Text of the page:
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Worlds in Conversation: Tabletop Storytelling Games

Teachers
Everest Pipkin, Caro Asercion, Rufus "Weaver" Walker
Date
Section 1: June 12, 2024 to August 14, 2024
Section 2: June 15, 2024 to August 17, 2024

(10 classes)
Time
Section 1: Wednesdays, 1-4pm ET Section 2: Saturdays, 1-4pm ET
Location
Online (Zoom)
Cost
$1200 Scholarships available learn more...
Deadline
Applications open until April 15, 2024

Apply Now

Description

What compels us to play within fictional worlds? How do we construct meaningful cultural, social, and natural environments to learn about our past, present, and future? ,Worlds In Conversation: Tabletop Storytelling Games, considers the theoretical and practical underpinnings of worldbuilding through the lens of tabletop role-playing games. Through a survey of existing work in the field, hands-on play, and independent and collaborative experimentation, this class offers an understanding of why–and how–we tell stories set in worlds other than our own.

Course of Study

  • Week 1 - Introductions: Hello! Who are we / who are you? What is this class? What are tabletop games, why are we interested in them? And what do we mean when we say worldbuilding? Plus, our past work in the field.
  • Week 2 - Worldbuilding: Why do we worldbuild? What utility does worldbuilding serve? What futures are we imagining, and what histories are we drawing on? What gets remembered?
  • Week 3 - Lyric games: Poem games, lyric games, instructions artwork, walking games. The skeletons of structure as play.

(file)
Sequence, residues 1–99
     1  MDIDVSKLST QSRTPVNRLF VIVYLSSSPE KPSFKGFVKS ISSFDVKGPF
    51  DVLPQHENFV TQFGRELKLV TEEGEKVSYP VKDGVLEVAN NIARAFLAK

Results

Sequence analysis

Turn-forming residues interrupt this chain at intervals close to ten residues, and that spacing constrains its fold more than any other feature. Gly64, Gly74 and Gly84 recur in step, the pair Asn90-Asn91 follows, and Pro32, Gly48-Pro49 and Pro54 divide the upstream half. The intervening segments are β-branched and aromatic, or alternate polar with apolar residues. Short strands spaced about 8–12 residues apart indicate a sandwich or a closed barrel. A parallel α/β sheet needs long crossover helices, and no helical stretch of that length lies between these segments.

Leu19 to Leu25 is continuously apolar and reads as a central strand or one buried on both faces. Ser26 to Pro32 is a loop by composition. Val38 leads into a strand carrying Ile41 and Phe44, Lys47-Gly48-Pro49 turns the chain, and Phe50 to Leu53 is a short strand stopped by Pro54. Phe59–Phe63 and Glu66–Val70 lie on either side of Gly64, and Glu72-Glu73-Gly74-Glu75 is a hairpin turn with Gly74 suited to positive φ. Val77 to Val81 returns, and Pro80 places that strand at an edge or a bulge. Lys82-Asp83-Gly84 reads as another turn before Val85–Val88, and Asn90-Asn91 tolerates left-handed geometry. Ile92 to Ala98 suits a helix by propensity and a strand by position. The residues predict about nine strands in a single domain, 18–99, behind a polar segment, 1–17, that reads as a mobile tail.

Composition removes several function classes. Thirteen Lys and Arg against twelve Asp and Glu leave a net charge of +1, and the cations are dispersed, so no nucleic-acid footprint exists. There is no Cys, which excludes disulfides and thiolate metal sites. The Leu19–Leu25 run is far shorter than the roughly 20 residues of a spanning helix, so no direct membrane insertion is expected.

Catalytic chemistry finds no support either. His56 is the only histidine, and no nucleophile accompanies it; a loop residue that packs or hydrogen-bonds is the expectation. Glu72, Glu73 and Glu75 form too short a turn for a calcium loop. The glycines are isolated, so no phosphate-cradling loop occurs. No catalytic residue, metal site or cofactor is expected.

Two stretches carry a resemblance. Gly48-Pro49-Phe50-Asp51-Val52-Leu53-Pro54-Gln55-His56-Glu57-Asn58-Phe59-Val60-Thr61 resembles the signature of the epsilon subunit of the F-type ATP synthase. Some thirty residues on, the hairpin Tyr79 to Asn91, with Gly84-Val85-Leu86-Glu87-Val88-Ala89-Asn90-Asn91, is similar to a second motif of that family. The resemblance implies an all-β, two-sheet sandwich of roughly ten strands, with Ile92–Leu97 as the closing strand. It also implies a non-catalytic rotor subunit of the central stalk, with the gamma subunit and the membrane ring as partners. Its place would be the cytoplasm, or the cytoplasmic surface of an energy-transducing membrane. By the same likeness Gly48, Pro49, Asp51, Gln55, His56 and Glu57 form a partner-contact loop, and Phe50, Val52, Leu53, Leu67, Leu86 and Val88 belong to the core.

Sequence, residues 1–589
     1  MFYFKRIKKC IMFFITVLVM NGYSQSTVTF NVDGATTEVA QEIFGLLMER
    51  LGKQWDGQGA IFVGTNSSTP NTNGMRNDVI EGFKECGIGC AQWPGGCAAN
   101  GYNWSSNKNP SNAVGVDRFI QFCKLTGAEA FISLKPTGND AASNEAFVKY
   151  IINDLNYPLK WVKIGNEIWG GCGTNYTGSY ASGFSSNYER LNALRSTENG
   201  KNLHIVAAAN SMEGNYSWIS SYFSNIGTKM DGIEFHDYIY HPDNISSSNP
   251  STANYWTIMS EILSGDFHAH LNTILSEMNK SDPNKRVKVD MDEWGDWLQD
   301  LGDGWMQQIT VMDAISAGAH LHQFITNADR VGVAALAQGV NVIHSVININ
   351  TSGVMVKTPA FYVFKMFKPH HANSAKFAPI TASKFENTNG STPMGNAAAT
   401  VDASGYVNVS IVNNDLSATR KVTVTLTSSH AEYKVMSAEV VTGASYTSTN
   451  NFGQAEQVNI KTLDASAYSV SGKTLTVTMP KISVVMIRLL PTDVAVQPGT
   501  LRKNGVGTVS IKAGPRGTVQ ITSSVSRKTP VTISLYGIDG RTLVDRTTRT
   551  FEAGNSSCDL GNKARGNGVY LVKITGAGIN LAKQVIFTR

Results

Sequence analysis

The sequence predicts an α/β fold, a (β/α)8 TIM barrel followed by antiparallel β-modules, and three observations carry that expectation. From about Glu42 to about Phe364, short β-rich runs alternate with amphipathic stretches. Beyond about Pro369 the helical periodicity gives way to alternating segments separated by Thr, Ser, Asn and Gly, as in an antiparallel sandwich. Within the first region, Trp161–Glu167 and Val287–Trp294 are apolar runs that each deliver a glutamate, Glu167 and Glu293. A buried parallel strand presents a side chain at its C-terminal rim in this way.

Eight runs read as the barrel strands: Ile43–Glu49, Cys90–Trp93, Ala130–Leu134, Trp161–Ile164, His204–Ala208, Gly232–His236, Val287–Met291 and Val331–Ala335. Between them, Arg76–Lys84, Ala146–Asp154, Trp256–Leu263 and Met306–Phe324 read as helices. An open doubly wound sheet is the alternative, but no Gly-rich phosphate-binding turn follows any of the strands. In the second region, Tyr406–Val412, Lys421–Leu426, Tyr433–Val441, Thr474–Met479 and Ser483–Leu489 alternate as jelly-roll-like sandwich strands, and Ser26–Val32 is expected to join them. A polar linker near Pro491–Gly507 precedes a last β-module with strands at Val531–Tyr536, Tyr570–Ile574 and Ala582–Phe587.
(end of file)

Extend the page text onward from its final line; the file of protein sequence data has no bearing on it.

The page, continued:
• Week 4 - Prompts, questions, tables, tools: Into the nitty gritty - the tools and levers that people use to design games. Looking at design goals, structure, breadth vs specificity, prompts, leading questions, dice tables, random chance, and other techniques for building something from nothing.
  • Week 5 - Journaling games: Solo games, drawing games, diary play, journaling as a world building practice. How to play games with and for yourself.
  • Week 6 - Playtesting as practice & collaborative design: Introduce the idea of playtests, the role of playtesting, how to run a good playtest, how to see what are games like in motion. Also discuss the role of collaboration inside of development and writing, and some modes in which collaboration can be fruitful.
  • Week 7 - Summary week: Pulling in various threads so far, and also discussing going deeper or bigger. Looking at longer games, games with complex mechanics that create specific kinds of play, games with pre-built settings, or games with specific verbs and actions.